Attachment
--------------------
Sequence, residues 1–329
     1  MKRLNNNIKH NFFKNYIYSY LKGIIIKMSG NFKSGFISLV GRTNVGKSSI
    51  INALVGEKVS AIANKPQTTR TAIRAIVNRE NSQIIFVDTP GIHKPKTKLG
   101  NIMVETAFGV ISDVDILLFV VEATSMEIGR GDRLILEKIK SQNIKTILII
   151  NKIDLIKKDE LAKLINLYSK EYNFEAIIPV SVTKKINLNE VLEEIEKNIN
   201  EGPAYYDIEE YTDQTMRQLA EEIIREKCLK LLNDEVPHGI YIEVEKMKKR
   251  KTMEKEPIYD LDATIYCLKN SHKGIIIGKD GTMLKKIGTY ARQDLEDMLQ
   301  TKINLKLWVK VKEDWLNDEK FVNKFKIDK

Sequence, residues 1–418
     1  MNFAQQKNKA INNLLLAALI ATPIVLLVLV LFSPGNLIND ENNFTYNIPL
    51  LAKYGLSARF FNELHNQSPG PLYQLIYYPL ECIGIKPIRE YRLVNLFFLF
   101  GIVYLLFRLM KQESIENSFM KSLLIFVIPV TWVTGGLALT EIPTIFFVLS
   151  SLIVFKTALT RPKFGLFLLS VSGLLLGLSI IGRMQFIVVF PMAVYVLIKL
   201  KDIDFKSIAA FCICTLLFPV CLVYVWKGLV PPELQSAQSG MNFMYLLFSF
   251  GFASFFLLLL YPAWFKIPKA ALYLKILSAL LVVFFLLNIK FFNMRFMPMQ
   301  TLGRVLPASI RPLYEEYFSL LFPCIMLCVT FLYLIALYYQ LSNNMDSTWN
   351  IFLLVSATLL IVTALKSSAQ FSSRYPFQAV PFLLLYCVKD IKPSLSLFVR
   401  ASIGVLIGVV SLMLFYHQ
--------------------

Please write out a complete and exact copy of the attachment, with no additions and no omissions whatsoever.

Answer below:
Sequence, residues 1–329
     1  MKRLNNNIKH NFFKNYIYSY LKGIIIKMSG NFKSGFISLV GRTNVGKSSI
    51  INALVGEKVS AIANKPQTTR TAIRAIVNRE NSQIIFVDTP GIHKPKTKLG
   101  NIMVETAFGV ISDVDILLFV VEATSMEIGR GDRLILEKIK SQNIKTILII
   151  NKIDLIKKDE LAKLINLYSK EYNFEAIIPV SVTKKINLNE VLEEIEKNIN
   201  EGPAYYDIEE YTDQTMRQLA EEIIREKCLK LLNDEVPHGI YIEVEKMKKR
   251  KTMEKEPIYD LDATIYCLKN SHKGIIIGKD GTMLKKIGTY ARQDLEDMLQ
   301  TKINLKLWVK VKEDWLNDEK FVNKFKIDK

Sequence, residues 1–418
     1  MNFAQQKNKA INNLLLAALI ATPIVLLVLV LFSPGNLIND ENNFTYNIPL
    51  LAKYGLSARF FNELHNQSPG PLYQLIYYPL ECIGIKPIRE YRLVNLFFLF
   101  GIVYLLFRLM KQESIENSFM KSLLIFVIPV TWVTGGLALT EIPTIFFVLS
   151  SLIVFKTALT RPKFGLFLLS VSGLLLGLSI IGRMQFIVVF PMAVYVLIKL
   201  KDIDFKSIAA FCICTLLFPV CLVYVWKGLV PPELQSAQSG MNFMYLLFSF
   251  GFASFFLLLL YPAWFKIPKA ALYLKILSAL LVVFFLLNIK FFNMRFMPMQ
   301  TLGRVLPASI RPLYEEYFSL LFPCIMLCVT FLYLIALYYQ LSNNMDSTWN
   351  IFLLVSATLL IVTALKSSAQ FSSRYPFQAV PFLLLYCVKD IKPSLSLFVR
   401  ASIGVLIGVV SLMLFYHQ